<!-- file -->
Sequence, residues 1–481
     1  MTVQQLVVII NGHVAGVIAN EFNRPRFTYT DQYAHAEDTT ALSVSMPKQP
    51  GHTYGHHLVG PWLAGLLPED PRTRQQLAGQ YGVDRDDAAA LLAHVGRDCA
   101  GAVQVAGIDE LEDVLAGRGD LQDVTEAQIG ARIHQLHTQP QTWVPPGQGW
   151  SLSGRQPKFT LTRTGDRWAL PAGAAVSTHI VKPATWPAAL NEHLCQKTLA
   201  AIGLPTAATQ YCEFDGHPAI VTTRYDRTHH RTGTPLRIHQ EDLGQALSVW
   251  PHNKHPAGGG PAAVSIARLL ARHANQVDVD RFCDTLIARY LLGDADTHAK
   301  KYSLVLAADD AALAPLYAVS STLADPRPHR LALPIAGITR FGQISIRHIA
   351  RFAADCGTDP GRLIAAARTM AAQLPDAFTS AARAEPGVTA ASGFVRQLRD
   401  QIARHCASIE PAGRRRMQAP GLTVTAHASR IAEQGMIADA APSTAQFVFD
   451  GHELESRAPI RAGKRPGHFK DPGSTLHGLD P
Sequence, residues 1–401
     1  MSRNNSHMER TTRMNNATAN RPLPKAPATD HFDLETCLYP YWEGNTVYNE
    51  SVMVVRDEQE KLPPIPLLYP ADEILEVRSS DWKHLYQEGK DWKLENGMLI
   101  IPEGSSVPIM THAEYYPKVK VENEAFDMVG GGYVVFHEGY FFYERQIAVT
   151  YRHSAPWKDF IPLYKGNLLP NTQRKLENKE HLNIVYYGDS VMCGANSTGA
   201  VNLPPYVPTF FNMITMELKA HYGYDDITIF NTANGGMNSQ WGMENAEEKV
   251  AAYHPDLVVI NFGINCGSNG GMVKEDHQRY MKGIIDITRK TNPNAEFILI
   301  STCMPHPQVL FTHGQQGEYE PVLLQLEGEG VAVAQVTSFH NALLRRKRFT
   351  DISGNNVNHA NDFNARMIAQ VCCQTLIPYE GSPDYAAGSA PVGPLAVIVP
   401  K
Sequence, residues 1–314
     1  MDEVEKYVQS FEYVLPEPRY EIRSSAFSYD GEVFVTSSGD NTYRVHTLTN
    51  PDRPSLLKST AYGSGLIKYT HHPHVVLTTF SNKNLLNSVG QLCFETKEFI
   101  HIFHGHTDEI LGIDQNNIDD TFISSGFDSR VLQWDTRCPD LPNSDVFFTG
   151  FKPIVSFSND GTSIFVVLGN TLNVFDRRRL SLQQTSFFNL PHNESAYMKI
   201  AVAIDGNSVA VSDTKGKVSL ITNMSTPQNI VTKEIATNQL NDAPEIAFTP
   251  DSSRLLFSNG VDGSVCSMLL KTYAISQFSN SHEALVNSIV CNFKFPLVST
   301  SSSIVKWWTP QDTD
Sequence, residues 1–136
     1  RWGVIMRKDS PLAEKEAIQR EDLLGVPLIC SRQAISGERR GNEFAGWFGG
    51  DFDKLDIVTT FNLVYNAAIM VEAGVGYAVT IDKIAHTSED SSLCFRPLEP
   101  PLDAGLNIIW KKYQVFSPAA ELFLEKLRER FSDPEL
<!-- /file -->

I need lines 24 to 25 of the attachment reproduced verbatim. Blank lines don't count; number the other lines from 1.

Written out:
    51  PDRPSLLKST AYGSGLIKYT HHPHVVLTTF SNKNLLNSVG QLCFETKEFI
   101  HIFHGHTDEI LGIDQNNIDD TFISSGFDSR VLQWDTRCPD LPNSDVFFTG